A New Yorker who believes cops discriminate against minorities has adopted a police tactic to make his point, handing out his own "summonses" to whites in affluent neighborhoods for infractions he says are selectively enforced.
Riding a bike on the sidewalk, jay-walking or carrying an open beer can bring a costly ticket in some sections of the Big Apple, yet barely register with police in others, according to Robert Gangi, co-founder of the Police Reform Organizing Project.
“White people in [the affluent Brooklyn neighborhood of] Park Slope virtually never get ticketed for these kind of activities whereas African-American and Latino people in different neighborhoods in this city will get sanctioned — ticketed and sometimes arrested,” he said recently, according to Wagingnonviolence.org.
Gangi's group next plans to hand out its fake summonses in the tony Upper East Side neighborhood near Gracie Mansion, where Mayor Bill de Blasio lives.
“We think that that will send him a message loud and clear,” Gangi said.
During a PROP ticket blitz in Park Slope last October, Gangi and a group of volunteers handed wrongdoers and scofflaws summonses along with pamphlets explaining their purpose. Recipients were informed they weren't really being penalized, but told, according to The New Yorker, that "you very well might have if you were in a different neighborhood and a person of color.”’
Gangi said some of those who were stopped signed a petition calling for policing reforms, while others just kept going.
Gangi’s organization claims, its data reveals an imbalance in policing. In minority neighborhoods like Bedford-Stuyvesant, Brooklyn, there are, on average 2,000 summonses handed out per year from 2009 to 2011. In Park Slope, a more affluent neighborhood, the statistics show an average of eight are given out.
Gangi claims that city police precincts in low-income neighborhoods have quotas for summonses, which the NYPD has long denied.
The NYPD did not respond to a FoxNews.com request for comment on the issue.
Gangi and other police critics fault the so-called "broken windows" theory, widely credited for bringing down crime in New York and other major cities during the 1990s. The theory holds that enforcement of minor laws creates a climate of order that prevents more serious laws from being flouted.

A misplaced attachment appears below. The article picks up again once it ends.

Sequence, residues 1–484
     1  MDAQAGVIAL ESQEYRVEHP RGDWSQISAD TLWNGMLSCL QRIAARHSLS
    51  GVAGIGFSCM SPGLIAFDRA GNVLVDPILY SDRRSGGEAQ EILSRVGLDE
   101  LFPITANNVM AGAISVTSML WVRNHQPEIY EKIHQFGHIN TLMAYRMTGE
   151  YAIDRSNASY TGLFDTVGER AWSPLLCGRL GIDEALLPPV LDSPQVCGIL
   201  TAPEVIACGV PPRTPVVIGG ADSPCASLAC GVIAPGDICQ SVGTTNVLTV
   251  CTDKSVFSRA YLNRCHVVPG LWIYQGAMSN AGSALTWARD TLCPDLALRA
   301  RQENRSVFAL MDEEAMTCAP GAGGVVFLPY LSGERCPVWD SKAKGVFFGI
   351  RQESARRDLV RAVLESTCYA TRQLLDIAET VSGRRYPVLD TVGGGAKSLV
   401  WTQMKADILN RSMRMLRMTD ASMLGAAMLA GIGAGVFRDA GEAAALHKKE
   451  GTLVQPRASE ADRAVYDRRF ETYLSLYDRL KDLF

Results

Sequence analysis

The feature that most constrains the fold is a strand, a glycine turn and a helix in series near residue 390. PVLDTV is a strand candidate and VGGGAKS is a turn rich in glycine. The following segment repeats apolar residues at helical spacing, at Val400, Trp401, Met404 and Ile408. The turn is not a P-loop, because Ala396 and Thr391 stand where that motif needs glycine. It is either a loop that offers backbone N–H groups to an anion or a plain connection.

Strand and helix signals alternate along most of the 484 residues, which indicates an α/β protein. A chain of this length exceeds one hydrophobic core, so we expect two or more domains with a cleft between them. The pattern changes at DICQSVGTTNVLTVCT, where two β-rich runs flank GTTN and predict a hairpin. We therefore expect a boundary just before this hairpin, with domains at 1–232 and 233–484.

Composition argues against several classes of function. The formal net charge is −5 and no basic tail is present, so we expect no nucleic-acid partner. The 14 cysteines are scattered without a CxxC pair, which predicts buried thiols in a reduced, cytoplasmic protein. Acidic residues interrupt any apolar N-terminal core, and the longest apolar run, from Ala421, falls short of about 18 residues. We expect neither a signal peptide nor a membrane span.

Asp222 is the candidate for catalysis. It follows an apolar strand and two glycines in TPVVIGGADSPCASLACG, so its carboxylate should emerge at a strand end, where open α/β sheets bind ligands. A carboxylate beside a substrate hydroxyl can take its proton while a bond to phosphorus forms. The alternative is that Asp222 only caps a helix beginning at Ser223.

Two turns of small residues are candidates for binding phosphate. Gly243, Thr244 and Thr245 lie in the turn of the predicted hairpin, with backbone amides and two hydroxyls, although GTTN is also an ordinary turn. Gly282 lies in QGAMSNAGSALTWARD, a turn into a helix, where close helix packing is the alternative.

Gangi said that police officers in certain precincts in low-income, minority areas are given quotas and unfairly target minorities.
The broken windows theory has been criticized as a license for selective enforcement, and has come under increasing fire as tensions between police and minority communities have increased.
George L. Kelling, one of the co-founders of the Broken Windows theory, wrote an op-ed in Politico last summer defending his theory titled, “Don’t Blame My ‘Broken Windows’ Theory for Poor Policing.”
“Despite these and other criticisms, the demand for order remains high in minority and poor communities,” he wrote. “And I would argue that our theory has been largely misunderstood.”
Kelling told FoxNews.com that police respond to demand.
"You go where the problems are," he said. "Once police start ignoring these high-crime areas, that, too, is dicriminatory in another way."
He said summonses should be given out fairly, regardless if the offender is drinking wine during a picnic in Central Park or drinking a beer inside a park in a low-income neighborhood. But bad policing should not reflect poorly for the effectiveness of broken windows.
"At one time, criminal investigation involved torture," he said. "Just because something was wrong, it didn't mean we should do away with criminal investigations all together."
A police officer who patrols a high-crime neighborhood in New York told FoxNews.com that stopping people for seemingly minor crimes such as biking on the sidewalk can prevent more serious crimes, making enforcement a good example of the broken windows theory in action.
Gang members often have young teens transport weapons for them in order to minmize their own exposure to the law. Stopping a youngster for riding on the sidewalk could lead to discover of a gun in a backpack, for instance, he said.
“If the kid is stopped with the gun, he’s a kid,” the police officer said. “It’s risky for an adult to carry a gun in public.”
Edmund DeMarche is a news editor for FoxNews.com. Follow him on Twitter @EDeMarche.